Δευτέρα, 30 Αυγούστου 2010

Urs Graf

The Wild Army (1520)

Urs Graf (1485- after 1529) was a Swiss Renaissance painter and printmaker (of woodcuts, etchings and engravings), as well as a mercenary soldier. He only produced two etchings, one of which dates from 1513 – the earliest known etching for which a date has been established. However, his woodcuts are considered of greater significance, particularly as he is attributed with the invention of the white-line woodcut technique, where white lines create the image on a black background.

Crippled Devil and Hermit (1512)

He quickly came into conflict with the law for abusing his wife and supporting prostitution, culminating in accusations of attempted murder which caused him to leave the city in 1518. He was allowed to return to Basel the following year, where he continued working, but in 1527 he vanished from the city, never to be heard of again; although there is a signed drawing from 1529.


Devil captures a soldier (1516)

Like many Swiss men of his day, Graf was known to have worked as a mercenary for considerable periods. His artistic output, includes a wide range of subjects, depicting social, erotic, military, political and criminal images (e.g., Two Prostitutes Beating a Monk. (wikipedia)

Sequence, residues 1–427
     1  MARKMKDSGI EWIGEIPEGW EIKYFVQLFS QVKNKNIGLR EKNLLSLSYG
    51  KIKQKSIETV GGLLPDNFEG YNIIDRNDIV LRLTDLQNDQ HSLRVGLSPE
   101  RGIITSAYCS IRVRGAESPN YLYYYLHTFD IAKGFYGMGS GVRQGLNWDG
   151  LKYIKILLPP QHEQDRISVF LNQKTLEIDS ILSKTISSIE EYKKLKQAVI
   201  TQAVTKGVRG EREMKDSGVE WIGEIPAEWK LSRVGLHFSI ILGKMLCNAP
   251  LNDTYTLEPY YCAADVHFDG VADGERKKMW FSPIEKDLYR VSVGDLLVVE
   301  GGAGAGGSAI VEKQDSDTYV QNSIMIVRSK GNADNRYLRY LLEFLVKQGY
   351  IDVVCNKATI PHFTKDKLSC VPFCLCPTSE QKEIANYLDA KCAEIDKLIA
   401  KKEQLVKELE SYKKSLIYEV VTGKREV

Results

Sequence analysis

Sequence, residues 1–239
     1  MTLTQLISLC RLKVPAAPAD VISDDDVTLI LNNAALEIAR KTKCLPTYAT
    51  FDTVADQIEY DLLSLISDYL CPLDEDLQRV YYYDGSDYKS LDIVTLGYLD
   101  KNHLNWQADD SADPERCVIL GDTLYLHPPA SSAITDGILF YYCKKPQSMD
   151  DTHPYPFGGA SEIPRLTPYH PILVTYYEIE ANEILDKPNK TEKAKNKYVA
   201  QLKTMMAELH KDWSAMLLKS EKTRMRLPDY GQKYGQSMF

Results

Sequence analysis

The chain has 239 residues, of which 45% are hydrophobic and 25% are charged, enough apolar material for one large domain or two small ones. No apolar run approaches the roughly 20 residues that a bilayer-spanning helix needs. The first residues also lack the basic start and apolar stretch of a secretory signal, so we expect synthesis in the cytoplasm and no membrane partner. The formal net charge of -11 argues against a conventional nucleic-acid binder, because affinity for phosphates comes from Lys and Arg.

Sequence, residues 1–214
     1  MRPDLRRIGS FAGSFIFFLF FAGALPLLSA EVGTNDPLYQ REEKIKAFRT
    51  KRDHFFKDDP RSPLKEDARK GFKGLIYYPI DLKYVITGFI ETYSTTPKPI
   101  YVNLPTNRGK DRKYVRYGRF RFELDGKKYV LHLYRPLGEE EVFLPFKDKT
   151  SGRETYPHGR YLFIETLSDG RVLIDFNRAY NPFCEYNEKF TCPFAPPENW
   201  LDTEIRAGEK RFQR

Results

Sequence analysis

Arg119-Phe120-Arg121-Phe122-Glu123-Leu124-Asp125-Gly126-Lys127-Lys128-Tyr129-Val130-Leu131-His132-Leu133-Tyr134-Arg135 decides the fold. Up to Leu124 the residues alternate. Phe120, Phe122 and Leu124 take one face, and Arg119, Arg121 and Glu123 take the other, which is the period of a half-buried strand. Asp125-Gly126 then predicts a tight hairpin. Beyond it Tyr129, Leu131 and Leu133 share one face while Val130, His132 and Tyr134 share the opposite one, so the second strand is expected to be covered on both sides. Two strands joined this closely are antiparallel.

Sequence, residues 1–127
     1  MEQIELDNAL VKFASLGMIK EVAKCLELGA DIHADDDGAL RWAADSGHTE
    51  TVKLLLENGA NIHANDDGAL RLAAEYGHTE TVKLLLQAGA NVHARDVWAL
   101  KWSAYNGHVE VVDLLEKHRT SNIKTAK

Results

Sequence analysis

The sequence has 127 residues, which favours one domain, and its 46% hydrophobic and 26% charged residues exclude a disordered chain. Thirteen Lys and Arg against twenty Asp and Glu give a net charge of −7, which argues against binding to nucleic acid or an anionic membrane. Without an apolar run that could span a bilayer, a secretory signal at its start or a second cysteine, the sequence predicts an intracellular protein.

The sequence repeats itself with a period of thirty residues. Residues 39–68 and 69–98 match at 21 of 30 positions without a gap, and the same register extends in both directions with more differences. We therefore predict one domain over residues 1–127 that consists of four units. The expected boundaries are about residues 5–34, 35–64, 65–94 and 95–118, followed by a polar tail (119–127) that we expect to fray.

Two mercenaries and a woman
with Death in a tree, 1524

Through it all Graf produced unique artworks reflecting the violence and social circumstances in which he was immersed. These lively prints and drawings incorporate elements of fantasy or the grotesque and erotic (or at least perverse) but are frequently tinged with a satirist's sense of humour. Conversely, his legacy also includes a sizeable number of purely religious prints and book illustrations. Graf almost always signed his drawings, a practice which helped establish sketch work as an individual artistic discipline rather than a mere transitional process. (bibliodyssey.blogspot.com)

Battle of Marignano (1521)


Naked female Fiddler and Fool (1523)


The promotion of a mercenary in a guild house (1521)


Mercenary love and memento mori


Aristoteles and Fyllis

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